Five Information Operations Trends to Watch

During his keynote speech at the April 13 Phoenix Challenge Conference, former Under Secretary of Defense for Intelligence Dr. Michael Vickers shared his assessment of the Top 5 Trends in Information Operations and their implications. One need only read news and journals (and not just exclusive to the IO community) to see these trends playing out across the globe.


  1. Information Operations (IO) is central to strategic (“Great Power”) competition, particularly with Russia and in China’s effort to displace the United States.
  2. The information space is dramatically expanded with social media.
  3. Polarization of the information sphere, putting democracies at a disadvantage.
  4. False/fake information proliferation.
  5. Application of technology (cyber, artificial intelligence/machine learning) to increase the power of IO.
Vickers also described the implications of those trends and the need to elevate information operations as a strategic threat and capability across the federal government. The strategic ascendance of IO will impact how we leverage kinetic and non-kinetic tools. Economic and technological competition will be the central determinants of the U.S. ability to retain power. Within the United States, IO needs more visibility at the level of the National Security Council (NSC). The Department of Defense must also respond, elevating the development and planning of IO capabilities and workforce development. And notably, Vickers recommended that IO be viewed as its own unique domain, rather than being combined with electronic warfare and cyber, as the U.S. military has done in recent years.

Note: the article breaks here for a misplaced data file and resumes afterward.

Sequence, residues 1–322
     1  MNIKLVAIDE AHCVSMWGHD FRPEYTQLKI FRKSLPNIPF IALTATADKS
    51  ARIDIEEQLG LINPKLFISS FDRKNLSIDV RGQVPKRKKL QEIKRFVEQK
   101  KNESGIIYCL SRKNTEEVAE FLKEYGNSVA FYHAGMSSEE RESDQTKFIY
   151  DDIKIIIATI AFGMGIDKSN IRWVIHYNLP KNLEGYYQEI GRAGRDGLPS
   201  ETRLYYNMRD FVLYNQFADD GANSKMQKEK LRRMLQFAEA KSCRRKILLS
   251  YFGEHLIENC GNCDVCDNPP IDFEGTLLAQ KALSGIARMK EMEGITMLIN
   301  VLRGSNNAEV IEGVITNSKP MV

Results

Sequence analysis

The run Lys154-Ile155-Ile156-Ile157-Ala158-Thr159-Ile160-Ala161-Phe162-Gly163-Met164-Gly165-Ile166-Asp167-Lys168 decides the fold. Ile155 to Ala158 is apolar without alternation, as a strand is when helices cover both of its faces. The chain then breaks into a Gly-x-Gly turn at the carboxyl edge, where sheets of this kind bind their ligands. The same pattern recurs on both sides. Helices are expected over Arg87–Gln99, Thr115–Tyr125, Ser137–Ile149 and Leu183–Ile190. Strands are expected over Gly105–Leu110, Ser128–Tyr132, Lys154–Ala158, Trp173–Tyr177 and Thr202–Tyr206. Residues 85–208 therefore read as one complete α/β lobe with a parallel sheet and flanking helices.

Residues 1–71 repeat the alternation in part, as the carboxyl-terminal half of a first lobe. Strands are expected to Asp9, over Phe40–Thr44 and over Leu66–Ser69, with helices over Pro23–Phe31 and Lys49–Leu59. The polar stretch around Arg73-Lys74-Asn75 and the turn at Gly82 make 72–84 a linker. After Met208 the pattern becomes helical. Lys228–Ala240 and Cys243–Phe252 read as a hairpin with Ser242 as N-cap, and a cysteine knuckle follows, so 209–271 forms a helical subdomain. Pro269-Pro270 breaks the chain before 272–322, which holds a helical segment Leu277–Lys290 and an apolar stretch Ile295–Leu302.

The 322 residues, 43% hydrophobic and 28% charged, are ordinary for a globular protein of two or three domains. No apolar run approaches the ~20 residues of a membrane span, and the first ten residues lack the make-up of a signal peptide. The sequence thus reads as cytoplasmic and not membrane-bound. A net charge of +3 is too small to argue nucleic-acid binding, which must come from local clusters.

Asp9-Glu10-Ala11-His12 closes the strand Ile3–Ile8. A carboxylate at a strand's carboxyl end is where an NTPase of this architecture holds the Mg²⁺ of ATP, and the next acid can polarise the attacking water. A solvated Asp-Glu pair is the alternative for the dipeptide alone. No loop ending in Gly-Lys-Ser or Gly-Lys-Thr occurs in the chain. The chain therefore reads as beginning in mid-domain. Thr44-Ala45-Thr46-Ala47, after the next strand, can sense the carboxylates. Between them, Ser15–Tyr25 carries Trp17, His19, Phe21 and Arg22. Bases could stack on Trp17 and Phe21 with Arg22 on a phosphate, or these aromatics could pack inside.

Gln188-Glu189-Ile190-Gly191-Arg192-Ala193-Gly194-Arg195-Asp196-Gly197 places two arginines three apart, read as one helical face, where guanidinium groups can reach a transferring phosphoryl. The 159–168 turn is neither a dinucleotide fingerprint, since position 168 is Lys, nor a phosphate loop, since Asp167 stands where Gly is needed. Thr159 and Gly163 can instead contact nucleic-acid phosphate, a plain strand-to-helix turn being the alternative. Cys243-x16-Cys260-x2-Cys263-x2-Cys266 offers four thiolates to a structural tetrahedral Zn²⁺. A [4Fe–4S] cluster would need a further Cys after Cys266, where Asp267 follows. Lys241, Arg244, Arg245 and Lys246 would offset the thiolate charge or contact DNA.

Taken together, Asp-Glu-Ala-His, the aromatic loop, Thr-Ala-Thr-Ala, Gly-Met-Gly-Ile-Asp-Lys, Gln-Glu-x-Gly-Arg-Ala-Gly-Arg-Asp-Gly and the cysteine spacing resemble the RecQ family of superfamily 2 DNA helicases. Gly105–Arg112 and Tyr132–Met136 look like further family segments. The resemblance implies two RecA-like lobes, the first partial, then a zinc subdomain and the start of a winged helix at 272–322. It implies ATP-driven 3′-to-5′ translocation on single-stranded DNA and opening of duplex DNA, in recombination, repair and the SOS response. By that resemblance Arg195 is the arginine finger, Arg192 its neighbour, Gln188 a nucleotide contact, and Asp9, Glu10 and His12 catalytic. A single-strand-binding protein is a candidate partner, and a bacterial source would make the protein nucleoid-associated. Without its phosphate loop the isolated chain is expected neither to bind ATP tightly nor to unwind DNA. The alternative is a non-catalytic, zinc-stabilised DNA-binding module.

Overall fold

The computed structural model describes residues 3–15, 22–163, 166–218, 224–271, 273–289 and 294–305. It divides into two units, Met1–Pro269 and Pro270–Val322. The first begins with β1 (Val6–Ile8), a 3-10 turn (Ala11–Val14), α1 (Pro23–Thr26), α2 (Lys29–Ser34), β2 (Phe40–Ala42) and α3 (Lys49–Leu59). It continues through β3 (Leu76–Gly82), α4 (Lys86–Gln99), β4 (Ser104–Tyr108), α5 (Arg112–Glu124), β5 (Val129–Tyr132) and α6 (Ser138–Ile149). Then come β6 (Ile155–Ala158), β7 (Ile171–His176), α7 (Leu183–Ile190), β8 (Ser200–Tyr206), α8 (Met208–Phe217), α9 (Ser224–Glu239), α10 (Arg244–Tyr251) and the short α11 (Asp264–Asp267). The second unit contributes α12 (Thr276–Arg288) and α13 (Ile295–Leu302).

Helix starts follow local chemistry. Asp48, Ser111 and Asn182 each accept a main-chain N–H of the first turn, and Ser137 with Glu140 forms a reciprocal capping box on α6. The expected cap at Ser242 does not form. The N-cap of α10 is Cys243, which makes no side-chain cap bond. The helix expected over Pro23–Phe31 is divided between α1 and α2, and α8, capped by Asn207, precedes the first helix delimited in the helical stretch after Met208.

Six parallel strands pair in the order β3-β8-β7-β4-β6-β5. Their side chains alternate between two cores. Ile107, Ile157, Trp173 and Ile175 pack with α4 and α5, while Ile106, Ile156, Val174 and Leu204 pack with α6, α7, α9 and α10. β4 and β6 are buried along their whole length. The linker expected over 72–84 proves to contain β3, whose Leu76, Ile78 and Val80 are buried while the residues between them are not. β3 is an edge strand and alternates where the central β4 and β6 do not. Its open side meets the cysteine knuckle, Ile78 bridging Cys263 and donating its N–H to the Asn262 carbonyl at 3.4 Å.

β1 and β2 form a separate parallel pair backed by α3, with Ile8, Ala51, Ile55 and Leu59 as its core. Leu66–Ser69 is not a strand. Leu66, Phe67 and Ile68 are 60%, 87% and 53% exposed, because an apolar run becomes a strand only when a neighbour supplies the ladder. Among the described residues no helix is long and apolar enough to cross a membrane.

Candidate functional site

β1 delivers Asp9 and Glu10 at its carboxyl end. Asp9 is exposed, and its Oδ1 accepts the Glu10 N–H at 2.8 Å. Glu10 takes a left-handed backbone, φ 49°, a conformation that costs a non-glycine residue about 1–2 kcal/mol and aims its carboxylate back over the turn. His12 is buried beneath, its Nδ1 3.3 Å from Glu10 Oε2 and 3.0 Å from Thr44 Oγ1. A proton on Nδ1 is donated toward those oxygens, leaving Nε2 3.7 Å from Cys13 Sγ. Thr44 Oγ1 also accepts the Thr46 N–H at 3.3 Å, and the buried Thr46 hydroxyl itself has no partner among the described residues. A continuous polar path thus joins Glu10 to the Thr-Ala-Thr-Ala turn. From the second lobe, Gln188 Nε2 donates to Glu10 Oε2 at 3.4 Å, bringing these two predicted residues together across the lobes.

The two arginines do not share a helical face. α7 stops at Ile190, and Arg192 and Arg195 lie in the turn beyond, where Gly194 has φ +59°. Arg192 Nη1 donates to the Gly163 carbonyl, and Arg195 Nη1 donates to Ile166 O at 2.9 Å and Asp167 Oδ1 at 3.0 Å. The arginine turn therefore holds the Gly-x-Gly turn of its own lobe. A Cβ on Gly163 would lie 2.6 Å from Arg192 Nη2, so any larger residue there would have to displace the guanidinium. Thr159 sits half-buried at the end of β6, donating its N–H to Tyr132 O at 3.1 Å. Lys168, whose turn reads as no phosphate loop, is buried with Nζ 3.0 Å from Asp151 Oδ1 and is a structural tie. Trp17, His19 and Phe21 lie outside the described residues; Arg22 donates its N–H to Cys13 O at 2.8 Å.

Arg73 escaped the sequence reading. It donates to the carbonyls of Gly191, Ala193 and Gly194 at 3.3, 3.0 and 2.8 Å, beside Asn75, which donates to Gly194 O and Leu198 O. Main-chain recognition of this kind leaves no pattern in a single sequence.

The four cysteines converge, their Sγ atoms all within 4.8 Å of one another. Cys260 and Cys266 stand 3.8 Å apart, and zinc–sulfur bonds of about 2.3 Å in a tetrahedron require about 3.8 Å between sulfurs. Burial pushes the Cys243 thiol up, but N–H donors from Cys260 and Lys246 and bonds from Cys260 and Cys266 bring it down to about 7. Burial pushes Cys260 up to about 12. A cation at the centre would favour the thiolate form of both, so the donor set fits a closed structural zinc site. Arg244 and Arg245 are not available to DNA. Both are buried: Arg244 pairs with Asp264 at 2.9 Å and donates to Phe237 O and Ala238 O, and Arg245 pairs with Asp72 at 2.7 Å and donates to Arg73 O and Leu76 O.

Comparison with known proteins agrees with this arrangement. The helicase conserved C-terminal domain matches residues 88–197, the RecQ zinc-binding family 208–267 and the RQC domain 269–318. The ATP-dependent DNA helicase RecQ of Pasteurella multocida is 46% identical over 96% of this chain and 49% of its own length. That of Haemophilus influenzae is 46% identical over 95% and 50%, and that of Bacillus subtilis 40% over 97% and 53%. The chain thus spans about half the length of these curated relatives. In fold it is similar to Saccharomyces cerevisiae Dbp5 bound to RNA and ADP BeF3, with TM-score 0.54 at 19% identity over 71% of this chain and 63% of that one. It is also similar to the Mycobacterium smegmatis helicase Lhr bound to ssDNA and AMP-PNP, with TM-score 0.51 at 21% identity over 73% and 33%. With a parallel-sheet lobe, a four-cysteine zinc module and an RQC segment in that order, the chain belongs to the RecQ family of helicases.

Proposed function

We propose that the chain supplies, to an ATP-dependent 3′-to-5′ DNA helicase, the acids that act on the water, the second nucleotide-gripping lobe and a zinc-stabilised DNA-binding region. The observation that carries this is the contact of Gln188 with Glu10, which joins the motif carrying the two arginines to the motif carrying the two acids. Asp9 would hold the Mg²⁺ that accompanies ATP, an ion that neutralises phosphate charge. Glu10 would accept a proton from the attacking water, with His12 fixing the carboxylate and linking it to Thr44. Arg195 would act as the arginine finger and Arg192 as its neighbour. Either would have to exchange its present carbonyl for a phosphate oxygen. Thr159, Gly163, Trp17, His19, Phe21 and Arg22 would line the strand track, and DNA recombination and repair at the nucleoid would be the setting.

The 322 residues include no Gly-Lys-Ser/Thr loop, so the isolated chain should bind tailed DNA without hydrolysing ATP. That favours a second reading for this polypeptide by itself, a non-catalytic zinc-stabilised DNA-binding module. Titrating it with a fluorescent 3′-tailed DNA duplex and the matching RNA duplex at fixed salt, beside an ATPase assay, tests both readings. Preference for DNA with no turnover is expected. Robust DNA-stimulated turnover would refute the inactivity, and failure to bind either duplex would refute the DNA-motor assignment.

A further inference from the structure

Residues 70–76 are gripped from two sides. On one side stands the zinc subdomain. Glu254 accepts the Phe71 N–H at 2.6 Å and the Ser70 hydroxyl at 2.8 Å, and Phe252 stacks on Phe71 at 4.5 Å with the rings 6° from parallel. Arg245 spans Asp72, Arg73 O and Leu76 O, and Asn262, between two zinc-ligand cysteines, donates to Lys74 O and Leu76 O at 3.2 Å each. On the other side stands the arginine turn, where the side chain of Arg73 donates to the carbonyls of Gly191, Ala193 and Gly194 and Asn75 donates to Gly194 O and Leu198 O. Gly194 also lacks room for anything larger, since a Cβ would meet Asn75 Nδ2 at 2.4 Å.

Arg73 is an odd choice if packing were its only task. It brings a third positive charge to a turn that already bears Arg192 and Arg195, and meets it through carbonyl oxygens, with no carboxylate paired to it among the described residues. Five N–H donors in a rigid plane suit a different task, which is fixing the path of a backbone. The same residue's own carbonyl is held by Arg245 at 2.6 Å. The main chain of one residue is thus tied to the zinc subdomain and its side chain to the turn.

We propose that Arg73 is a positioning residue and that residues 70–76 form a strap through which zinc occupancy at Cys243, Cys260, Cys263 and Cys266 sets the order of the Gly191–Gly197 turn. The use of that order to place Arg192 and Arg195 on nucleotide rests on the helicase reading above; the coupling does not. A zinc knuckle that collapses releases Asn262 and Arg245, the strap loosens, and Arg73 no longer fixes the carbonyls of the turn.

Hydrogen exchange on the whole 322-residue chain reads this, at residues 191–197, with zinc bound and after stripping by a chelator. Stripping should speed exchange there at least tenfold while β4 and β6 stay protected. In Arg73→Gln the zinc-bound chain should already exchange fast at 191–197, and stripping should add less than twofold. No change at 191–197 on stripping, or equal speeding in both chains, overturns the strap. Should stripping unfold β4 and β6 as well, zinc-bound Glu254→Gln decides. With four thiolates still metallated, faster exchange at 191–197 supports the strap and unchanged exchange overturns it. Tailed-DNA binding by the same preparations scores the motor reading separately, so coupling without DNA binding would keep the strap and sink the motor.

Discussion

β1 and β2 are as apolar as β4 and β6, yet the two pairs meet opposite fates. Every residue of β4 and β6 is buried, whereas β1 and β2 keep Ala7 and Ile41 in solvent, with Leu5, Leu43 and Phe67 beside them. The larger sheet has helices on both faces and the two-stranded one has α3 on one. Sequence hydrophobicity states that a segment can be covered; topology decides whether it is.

China has embraced the value of its presence in the information space. In “A Different Kind of Army: The Militarization of China’s Internet Trolls,” by Ryan Fedasiuk, the author details China’s efforts to employ public commentators and volunteers to control online public opinion. This blurring of the lines between civilian/public and military activity is nothing new but should be a consideration in U.S. strategic direction in IO.
On the technology front, a recent piece in Tech Crunch highlights a University of Washington study of how AI-generated synthetic imagery, or deepfakes, can be used to manipulate satellite imagery to produce “real-looking — but totally fake — overhead maps of cities.” The ability of this technology to produce maps of places where no satellite imagery exists could have both positive and negative implications, but we ought to be thinking about how to verify the authenticity of any map.
These topics only scratch the surface when looking at how to address the trends Dr. Vickers identified during Phoenix Challenge. As the Information Professionals Association monitors these trends, we will help facilitate ongoing dialogue within the community, in the hopes of driving new priorities and solutions within the U.S. and in cooperation with partners and allies.


1 Response
  1. Michael Williams

    Dr. Vickers’ experience greatly informs his comments and he’s a great proponent. Based on experiences, I know DepSecDef Hicks will be a proponent and hope she will ensure the Under Sec for Policy keeps this mission are on the ‘front burner’ in development of military capabilities and in DoD strategy documents.